Recently, a large set of metagenomic fosmid libraries from microbial communities inhabiting 28 geographically distinct environmental sites has been created and subjected to naive screen for esterase activity (16). In accordance with biological diversity and activity success rates, libraries from microbial communities inhabiting 10 of these sites (for details, see Materials and Methods) were chosen as starting points for screening new ω-TA-encoding sequences. We applied to all libraries two distinct naive agar-based screen methods, utilizing the two amine donors 2-(4-nitrophenyl)ethan-1-amine and o-xylylenediamine hydrochloride (see Fig. S1 in the supplemental material), which after transfer reactions render a colored product that can be identified by visual inspection (14, 15). About half a million pCCFOS1 fosmid clones (nearly 18 Gbp) from libraries generated from environmental DNA and 4,400 plasmid-based (pCR-XL-TOPO) clones from a Pseudomonas oleovorans genomic DNA library were screened for ATA activity using both agar-based screens. We identified a total of 10 positive clones active against 2-(4-nitrophenyl)ethan-1-amine, 3 of which were also active against o-xylylenediamine hydrochloride. They were recovered from clone libraries created from two chronically polluted marine sediment samples, an acidic beach pool, and the P. oleovorans genome (see the legend to Table S1) (1618). This means a ratio of circa 1 positive result per 50,000 clones tested; note that this ratio is an indicator of the abundance of enzyme activities in metagenomes (5, 19). The 10 positive fosmid/plasmid inserts were fully sequenced using the Illumina MiSeq sequencing system. From the sequence data, 10 candidate genes encoding putative ω-TAs, one per insert, were identified.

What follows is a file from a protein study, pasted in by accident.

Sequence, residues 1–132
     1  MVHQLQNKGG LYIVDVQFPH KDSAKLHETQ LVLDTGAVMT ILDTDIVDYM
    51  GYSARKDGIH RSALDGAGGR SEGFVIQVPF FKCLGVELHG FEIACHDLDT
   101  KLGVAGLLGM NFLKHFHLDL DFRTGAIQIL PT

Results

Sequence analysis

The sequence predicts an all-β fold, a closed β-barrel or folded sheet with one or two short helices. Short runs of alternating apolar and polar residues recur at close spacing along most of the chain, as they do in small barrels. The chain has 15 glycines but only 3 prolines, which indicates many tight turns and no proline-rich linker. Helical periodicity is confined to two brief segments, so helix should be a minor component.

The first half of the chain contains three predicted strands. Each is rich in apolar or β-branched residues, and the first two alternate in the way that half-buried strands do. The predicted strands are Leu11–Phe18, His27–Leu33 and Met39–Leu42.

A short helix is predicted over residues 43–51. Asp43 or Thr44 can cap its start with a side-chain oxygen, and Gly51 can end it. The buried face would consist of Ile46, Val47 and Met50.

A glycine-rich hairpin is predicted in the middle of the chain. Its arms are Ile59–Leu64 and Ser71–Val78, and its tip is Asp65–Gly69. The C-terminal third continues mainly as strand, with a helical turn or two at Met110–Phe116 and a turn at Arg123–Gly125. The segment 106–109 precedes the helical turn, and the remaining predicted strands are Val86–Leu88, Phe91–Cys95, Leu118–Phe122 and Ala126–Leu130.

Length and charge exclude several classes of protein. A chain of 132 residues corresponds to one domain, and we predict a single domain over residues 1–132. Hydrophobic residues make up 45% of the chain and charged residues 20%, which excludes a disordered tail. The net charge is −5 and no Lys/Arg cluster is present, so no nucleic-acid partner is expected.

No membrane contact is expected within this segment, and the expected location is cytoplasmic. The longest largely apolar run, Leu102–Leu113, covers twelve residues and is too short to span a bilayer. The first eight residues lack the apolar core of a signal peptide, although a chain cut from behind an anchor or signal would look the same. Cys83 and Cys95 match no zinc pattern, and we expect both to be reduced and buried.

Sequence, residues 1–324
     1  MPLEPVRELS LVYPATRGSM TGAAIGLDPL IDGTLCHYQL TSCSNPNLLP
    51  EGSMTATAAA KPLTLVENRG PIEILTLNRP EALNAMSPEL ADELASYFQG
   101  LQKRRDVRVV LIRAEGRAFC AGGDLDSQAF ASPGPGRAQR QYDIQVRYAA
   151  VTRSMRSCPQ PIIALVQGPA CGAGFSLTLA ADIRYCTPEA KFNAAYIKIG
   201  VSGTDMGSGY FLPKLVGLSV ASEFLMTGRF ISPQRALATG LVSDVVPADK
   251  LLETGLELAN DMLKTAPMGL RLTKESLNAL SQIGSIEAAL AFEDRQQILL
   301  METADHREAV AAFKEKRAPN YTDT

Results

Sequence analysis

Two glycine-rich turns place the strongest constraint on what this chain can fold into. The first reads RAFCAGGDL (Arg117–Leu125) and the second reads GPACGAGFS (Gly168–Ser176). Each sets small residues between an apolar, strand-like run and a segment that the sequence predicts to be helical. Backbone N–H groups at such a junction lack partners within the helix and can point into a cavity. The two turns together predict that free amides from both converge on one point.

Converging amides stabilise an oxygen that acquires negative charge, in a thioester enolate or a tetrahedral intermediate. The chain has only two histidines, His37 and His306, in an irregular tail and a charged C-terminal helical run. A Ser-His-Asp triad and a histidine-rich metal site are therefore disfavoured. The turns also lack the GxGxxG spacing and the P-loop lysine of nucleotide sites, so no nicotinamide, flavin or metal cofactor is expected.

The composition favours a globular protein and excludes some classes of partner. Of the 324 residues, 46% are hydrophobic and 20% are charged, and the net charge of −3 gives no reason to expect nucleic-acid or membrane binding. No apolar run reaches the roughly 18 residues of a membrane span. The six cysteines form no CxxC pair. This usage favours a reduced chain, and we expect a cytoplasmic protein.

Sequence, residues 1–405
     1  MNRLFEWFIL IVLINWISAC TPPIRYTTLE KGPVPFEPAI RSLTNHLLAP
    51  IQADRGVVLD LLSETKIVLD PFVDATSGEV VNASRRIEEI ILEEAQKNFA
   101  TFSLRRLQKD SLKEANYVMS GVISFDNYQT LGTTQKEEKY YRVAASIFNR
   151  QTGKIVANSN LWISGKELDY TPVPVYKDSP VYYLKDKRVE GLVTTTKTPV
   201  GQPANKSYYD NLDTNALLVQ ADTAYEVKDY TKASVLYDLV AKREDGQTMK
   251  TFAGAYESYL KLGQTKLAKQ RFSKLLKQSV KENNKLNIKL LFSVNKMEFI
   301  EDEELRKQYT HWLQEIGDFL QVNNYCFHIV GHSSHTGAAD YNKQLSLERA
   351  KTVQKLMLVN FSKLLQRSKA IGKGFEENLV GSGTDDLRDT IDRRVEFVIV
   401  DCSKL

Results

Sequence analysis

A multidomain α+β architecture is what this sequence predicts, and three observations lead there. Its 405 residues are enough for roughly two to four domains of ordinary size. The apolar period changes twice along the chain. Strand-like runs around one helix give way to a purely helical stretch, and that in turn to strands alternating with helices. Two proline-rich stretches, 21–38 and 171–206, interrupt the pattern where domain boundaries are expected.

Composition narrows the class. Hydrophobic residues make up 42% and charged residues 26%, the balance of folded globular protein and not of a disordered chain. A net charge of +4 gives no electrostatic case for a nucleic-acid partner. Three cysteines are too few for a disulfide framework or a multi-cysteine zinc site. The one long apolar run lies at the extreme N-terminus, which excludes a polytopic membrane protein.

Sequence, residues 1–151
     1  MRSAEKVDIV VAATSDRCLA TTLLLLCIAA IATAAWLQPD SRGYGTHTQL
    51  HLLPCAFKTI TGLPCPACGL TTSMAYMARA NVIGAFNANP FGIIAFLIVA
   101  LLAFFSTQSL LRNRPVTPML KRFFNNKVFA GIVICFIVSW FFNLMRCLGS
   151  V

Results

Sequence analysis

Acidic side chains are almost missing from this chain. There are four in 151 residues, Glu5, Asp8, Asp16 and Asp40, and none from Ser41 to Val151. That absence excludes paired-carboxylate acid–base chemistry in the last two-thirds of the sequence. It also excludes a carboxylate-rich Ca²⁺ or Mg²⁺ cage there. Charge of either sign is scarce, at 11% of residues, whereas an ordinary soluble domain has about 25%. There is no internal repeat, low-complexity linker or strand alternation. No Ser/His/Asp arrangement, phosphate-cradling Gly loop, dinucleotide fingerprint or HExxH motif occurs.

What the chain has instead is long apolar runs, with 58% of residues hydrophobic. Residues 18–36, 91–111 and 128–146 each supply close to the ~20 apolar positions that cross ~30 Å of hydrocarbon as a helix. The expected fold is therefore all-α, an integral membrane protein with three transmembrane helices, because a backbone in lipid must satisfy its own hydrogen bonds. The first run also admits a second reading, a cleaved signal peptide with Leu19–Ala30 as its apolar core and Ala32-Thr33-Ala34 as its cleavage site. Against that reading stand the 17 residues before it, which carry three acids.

Analysis of candidates at the protein sequence level.

As shown by the results in Table S1 in the supplemental material, the deduced molecular mass and estimated isoelectric point (pI) values for the amino acid sequences comprising the 10 ω-TAs (designated TR1 to TR10 based on the code TR, which refers to transaminase) ranged from 48.4 to 50.8 kDa and from 5.4 to 6.1, respectively. A comprehensive analysis of the TBLASTX results (20) indicated that putative proteins exhibited amino acid sequence identities ranging from 84% to 100% to sequences of uncharacterized homologous proteins in nonredundant public databases and from 35.7% to 60.7% to sequences in Protein Data Bank (PDB). As determined by Matcher (EMBOSS package), the pairwise amino acid sequence identities between the 10 selected sequences ranged from circa 33% to 99% (see Table S2A). TR3 and TR7 (98.9%), TR4 and TR5 (94.5%), and TR9 and TR10 (92.9%) shared the highest sequence similarities. Sequence analysis and TBLASTX (20) categorized all sequences within the class III ω-TA family (21). It is interesting to note that the naive assays employed led to the identification of only class III ω-TAs and none of the other 5 groups, referred to as classes I, II, IV, V and VI (1). It may be due to the fact that compared to ATAs from other groups, ω-TAs transfer an amino group from an amine donor onto a carbonyl moiety of an amine acceptor, in which process at least one of the two substances is not an α-amino acid or an α-keto acid (1). Any of these substrates was used in the naive screens, which may explain why the screening with the two amine donors 2-(4-nitrophenyl)ethan-1-amine and o-xylylenediamine hydrochloride produced a bias toward class III ω-TAs.